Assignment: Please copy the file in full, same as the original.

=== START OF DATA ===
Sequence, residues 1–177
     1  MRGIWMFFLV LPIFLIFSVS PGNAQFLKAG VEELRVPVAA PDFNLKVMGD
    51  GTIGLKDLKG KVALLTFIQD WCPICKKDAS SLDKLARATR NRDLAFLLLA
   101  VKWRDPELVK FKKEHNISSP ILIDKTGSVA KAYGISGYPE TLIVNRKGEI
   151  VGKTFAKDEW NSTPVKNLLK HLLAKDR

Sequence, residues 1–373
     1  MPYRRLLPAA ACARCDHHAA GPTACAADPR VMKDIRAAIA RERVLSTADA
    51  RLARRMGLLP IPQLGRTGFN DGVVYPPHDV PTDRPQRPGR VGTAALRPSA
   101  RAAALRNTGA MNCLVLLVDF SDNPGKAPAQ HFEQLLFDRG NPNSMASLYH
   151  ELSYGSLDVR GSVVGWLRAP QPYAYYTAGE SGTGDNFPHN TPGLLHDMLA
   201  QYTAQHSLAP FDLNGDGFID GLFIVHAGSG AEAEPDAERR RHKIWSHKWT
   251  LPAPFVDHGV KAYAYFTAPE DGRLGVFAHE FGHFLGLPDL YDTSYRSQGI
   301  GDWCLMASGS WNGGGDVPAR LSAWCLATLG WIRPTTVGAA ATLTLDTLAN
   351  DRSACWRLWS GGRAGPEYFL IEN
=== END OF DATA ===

Sequence, residues 1–177
     1  MRGIWMFFLV LPIFLIFSVS PGNAQFLKAG VEELRVPVAA PDFNLKVMGD
    51  GTIGLKDLKG KVALLTFIQD WCPICKKDAS SLDKLARATR NRDLAFLLLA
   101  VKWRDPELVK FKKEHNISSP ILIDKTGSVA KAYGISGYPE TLIVNRKGEI
   151  VGKTFAKDEW NSTPVKNLLK HLLAKDR

Sequence, residues 1–373
     1  MPYRRLLPAA ACARCDHHAA GPTACAADPR VMKDIRAAIA RERVLSTADA
    51  RLARRMGLLP IPQLGRTGFN DGVVYPPHDV PTDRPQRPGR VGTAALRPSA
   101  RAAALRNTGA MNCLVLLVDF SDNPGKAPAQ HFEQLLFDRG NPNSMASLYH
   151  ELSYGSLDVR GSVVGWLRAP QPYAYYTAGE SGTGDNFPHN TPGLLHDMLA
   201  QYTAQHSLAP FDLNGDGFID GLFIVHAGSG AEAEPDAERR RHKIWSHKWT
   251  LPAPFVDHGV KAYAYFTAPE DGRLGVFAHE FGHFLGLPDL YDTSYRSQGI
   301  GDWCLMASGS WNGGGDVPAR LSAWCLATLG WIRPTTVGAA ATLTLDTLAN
   351  DRSACWRLWS GGRAGPEYFL IEN